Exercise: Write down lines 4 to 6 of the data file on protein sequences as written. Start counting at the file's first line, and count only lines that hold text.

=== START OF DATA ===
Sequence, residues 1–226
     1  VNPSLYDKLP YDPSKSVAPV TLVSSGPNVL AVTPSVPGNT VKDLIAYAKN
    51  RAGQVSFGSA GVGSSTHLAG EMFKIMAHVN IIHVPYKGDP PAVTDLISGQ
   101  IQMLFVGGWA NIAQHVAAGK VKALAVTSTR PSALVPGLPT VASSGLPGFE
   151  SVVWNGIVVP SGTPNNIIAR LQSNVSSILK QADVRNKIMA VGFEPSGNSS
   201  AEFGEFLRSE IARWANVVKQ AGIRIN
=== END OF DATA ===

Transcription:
   101  IQMLFVGGWA NIAQHVAAGK VKALAVTSTR PSALVPGLPT VASSGLPGFE
   151  SVVWNGIVVP SGTPNNIIAR LQSNVSSILK QADVRNKIMA VGFEPSGNSS
   201  AEFGEFLRSE IARWANVVKQ AGIRIN